Bipolar Disorder Treated with Cognitive Behavior Therapy (CBT) at New York Behavioral Health
Bipolar Disorder Diagnosis
Bipolar Disorders (often referred to as Manic-Depression) consist of various types depending on the presence or absence of manic, hypomanic, and depressive episodes. These include Bipolar I Disorder, Bipolar II, Bipolar Not Otherwise Specified, and variants depending on characteristics of the most recent episode.
Manic, hypomanic, and depressive episodes need to be assessed in order for a mental health professional to properly diagnose these disorders.
Manic episodes require a minimum of a week of symptoms, which may include inflated sense of self-esteem, decreased need for sleep, increases in pleasurable or goal-directed behaviors to the extent that there is a likelihood of disastrous consequences to personal safety and health, financial security, and familial, personal, and work relationships.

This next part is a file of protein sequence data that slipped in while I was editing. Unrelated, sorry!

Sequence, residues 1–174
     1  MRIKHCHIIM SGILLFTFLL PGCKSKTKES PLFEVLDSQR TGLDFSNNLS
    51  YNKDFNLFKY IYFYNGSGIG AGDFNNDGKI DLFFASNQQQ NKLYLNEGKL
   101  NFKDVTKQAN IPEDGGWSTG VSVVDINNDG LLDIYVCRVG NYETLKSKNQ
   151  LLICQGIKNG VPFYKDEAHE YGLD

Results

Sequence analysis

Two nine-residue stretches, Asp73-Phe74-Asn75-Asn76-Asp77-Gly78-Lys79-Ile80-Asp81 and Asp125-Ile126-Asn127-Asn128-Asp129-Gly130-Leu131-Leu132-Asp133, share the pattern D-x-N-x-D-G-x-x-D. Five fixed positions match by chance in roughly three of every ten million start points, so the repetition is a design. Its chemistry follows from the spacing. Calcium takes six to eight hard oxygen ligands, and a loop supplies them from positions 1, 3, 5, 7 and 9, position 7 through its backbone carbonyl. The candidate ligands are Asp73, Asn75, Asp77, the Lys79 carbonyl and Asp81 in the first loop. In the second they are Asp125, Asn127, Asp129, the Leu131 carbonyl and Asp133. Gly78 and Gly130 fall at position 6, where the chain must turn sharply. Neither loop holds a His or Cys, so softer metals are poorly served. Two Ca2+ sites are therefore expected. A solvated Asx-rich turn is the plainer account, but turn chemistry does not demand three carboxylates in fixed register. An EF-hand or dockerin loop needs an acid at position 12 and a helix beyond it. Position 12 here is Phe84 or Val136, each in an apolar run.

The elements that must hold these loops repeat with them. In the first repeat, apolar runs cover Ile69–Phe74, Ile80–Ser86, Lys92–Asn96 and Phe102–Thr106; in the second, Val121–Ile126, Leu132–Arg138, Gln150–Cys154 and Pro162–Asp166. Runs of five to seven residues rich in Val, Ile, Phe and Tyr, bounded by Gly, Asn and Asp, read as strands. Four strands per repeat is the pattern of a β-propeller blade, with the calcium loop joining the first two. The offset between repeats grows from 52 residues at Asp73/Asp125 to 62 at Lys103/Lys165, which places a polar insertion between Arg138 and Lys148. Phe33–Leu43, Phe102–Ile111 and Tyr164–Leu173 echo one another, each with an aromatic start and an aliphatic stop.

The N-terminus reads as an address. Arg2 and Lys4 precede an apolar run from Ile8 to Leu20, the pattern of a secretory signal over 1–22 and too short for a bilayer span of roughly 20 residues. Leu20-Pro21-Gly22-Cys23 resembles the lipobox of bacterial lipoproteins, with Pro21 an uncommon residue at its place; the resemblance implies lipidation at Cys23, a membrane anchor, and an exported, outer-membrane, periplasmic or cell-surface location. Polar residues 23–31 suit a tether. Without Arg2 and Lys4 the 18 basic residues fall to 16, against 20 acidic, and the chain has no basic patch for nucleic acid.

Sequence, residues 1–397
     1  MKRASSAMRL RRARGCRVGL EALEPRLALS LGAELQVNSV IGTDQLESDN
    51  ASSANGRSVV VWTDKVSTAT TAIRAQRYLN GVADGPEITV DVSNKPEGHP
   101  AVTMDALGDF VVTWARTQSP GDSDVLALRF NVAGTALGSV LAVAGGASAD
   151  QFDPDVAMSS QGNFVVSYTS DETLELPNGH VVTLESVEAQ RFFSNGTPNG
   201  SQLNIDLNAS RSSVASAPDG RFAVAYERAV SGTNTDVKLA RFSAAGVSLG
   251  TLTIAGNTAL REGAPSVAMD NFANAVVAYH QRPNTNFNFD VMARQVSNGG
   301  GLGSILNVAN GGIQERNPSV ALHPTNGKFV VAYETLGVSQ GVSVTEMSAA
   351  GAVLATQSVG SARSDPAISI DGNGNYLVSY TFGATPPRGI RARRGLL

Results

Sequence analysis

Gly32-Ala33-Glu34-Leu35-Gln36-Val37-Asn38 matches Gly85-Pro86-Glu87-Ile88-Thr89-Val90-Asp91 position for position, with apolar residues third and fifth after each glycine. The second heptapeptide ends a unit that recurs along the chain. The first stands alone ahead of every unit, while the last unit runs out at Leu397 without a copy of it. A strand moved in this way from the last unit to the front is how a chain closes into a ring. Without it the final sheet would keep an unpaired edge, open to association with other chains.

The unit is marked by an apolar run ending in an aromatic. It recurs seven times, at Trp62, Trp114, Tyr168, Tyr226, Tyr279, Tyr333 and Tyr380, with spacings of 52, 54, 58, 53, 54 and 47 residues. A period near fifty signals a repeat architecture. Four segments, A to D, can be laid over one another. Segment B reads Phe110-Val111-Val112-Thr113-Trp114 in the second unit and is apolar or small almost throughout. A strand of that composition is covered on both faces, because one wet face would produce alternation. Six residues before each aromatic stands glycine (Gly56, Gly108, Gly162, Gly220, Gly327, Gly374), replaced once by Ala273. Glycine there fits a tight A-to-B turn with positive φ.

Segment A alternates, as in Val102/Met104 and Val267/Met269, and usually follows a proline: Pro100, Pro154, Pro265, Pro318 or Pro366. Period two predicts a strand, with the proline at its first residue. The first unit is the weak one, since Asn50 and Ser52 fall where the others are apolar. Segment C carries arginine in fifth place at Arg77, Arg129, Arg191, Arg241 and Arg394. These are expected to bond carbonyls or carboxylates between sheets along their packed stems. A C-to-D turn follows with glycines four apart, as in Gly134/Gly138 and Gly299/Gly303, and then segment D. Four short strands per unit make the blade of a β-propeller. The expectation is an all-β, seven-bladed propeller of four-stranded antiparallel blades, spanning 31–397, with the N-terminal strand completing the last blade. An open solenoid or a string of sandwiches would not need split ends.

Hypomanic episodes involve symptoms similar to a manic episode, but only need to be present for four days and does not cause significant impairment.
Depressive episodes involve depressed mood or anhedonia, along with other symptoms including changes in weight, sleep, motor behavior, energy, worthlessness, guilt, concentration, hopelessness, or thoughts of death or suicide.
Bipolar I Disorder could be diagnosed when a manic (or mixed) episode has occurred. A depressive episode could be part of the course but is not necessary for a diagnosis of Bipolar I.
Bipolar II Disorder could be diagnosed if there has never been a manic (or mixed) episode and a hypomanic episode and depressive episode have occurred.
Bipolar Disorder Treatment
Bipolar disorders are often treated with psychotropic medications, e.g., lithium and Depakote. There is scientific evidence that adding cognitive behavioral therapy as an adjunct can be helpful. Bipolar symptoms may decrease further and increases in coping skills are found when therapy is added.